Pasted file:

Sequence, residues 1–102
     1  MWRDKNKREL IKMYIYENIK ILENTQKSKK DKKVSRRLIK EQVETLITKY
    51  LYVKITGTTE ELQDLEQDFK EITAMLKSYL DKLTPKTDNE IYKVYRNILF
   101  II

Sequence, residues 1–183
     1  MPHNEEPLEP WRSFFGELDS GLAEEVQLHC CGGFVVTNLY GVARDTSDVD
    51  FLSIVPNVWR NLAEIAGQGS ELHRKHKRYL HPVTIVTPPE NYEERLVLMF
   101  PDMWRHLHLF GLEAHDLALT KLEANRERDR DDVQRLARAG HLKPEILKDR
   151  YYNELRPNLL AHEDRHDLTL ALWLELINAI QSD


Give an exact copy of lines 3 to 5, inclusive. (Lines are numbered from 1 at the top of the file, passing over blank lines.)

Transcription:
    51  LYVKITGTTE ELQDLEQDFK EITAMLKSYL DKLTPKTDNE IYKVYRNILF
   101  II

Sequence, residues 1–183